KICK OUT THE JAMS - ELEKTRA Records LP 1969 / CD 1991

1. Ramblin' Rose 2:39
2. Kick Out The Jams 2:37
3. Come Together 7:17
4. Rocket Reducer No.62 (Rama Lama Fa Fa Fa) 5:01
5. Borderline 2:45
6. Motor City Is Burning 4:30
7. I Want You Right Now 6:02
8. Starship 8:26
The MC5
Rob Tyner - lead singer
Wayne Kramer - Fender guitar
Fred 'Sonic' Smith - Mosrite guitar
Michael Davis - Fender bass
Dennis Thompson - drums
John Sinclair - Guidance
MCeing by Brother J.C. Crawford

Produced by Jac Holzman and Bruce Botnick
Engineering & mixing Bruce Botnick
Source :
See Will Shanks full article & interview of Paul McManus (owner of the 610 console which was used to record the MC5 at the Grande!) - "Analog Obsession : History of the 160 Preamplifier with Paul McManus"

"BRUCE BOTNICK brought WALLY HEIDER along to help with the the mobile recording setup" consisting of 3 loud speakers L604 , 1 utility cabinet , and the famous UNIVERSAL AUDIO TUBE CONSOLE (610 console , a 1960 custom built Universal Audio 12 input by 3 output vacuum tube recording console designed by BILL PUTNAM.)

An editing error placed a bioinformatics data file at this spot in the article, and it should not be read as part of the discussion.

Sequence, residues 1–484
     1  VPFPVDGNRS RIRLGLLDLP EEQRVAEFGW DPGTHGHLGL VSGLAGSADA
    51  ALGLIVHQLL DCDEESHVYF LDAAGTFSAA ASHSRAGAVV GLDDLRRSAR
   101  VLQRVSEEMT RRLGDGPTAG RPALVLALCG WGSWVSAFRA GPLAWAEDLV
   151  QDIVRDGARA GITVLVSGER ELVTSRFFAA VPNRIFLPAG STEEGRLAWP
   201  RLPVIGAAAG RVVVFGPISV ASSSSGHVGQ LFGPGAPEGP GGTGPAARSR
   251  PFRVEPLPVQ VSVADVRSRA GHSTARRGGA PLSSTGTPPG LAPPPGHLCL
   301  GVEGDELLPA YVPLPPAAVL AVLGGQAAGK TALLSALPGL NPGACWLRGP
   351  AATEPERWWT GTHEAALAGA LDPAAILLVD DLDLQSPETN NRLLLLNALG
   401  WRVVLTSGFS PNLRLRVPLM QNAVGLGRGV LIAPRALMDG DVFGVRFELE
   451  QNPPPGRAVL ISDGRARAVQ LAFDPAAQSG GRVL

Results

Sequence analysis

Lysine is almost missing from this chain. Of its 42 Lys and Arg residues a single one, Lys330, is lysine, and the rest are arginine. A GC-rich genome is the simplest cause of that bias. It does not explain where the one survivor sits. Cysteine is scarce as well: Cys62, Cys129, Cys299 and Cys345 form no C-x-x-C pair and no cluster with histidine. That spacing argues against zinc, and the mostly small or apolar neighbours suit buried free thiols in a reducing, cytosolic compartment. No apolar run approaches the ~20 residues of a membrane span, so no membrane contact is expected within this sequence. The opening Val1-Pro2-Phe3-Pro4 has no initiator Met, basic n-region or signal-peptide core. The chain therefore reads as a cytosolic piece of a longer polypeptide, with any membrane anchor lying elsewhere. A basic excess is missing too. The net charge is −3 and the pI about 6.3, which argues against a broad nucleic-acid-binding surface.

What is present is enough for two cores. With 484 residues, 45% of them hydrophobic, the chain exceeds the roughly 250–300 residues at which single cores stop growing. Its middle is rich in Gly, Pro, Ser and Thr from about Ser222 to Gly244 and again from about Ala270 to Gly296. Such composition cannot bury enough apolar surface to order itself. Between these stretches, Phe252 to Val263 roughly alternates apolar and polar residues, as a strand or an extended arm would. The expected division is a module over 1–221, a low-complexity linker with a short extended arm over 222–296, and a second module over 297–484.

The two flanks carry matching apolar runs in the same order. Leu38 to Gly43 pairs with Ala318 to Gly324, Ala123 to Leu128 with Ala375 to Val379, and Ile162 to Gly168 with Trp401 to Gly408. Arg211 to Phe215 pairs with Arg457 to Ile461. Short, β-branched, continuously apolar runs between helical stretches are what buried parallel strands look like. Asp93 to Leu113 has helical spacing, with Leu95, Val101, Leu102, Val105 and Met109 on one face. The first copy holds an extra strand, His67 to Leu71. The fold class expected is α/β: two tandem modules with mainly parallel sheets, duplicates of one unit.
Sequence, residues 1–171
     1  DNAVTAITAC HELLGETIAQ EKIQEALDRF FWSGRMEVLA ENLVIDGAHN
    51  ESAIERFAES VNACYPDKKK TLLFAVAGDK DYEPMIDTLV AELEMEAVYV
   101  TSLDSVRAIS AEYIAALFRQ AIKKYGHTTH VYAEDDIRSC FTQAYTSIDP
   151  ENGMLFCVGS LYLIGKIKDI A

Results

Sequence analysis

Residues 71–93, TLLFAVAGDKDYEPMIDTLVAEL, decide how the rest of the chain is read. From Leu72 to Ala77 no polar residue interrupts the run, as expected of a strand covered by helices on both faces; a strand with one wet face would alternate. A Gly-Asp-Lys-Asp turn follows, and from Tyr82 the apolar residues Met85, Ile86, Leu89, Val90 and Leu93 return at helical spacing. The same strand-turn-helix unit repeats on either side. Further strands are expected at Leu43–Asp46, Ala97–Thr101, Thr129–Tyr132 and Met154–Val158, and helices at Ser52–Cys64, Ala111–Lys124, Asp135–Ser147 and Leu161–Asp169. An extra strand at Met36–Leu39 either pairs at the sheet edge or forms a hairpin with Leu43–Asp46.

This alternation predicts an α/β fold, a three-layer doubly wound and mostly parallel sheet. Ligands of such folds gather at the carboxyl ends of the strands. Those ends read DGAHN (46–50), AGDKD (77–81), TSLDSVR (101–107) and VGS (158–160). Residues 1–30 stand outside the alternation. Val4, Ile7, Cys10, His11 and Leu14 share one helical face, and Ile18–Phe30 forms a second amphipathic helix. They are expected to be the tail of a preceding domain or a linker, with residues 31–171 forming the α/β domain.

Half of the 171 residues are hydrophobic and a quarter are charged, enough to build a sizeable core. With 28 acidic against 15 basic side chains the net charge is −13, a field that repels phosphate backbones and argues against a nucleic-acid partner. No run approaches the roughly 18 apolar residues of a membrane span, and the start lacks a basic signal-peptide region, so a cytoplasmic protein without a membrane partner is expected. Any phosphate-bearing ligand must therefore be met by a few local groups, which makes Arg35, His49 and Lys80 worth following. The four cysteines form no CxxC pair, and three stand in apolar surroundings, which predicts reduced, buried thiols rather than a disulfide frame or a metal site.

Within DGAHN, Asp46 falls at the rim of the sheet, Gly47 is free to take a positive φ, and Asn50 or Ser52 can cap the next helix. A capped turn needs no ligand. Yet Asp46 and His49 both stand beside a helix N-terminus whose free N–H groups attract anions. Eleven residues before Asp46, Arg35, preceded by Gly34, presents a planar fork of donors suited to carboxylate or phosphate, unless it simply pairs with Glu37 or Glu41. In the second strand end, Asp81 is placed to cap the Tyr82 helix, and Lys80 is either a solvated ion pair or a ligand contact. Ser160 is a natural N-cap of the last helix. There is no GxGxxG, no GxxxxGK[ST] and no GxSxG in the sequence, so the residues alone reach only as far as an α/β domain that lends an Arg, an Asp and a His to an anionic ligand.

Universal Audio Tube Console
A little bit of history... "WALLY HEIDER was the manager of remote recording for both UNITED and WESTERN STUDIOS, and this console was used to record many artists, including Wes Montgomery, the Smothers Brothers, and the Doors.... also was the one used for the MC5's classic album 'KICK OUT THE JAMS.' BRUCE BOTNICK used a 3M 1" 8 track along with [the 610 console] that he had flownin by WALLY HEIDER from Los Angeles to record the MC5 live in the Grande Ballroom in Detroit on Halloween 1968."
(Will Shanks & Paul McManus)

From Rick Clark's interview (March 2003) with producer and engineer Bruce Botnick about recording the MC5's Classic Track, Kick out the Jams. Classic Tracks: The MC5's "Kick Out the Jams" :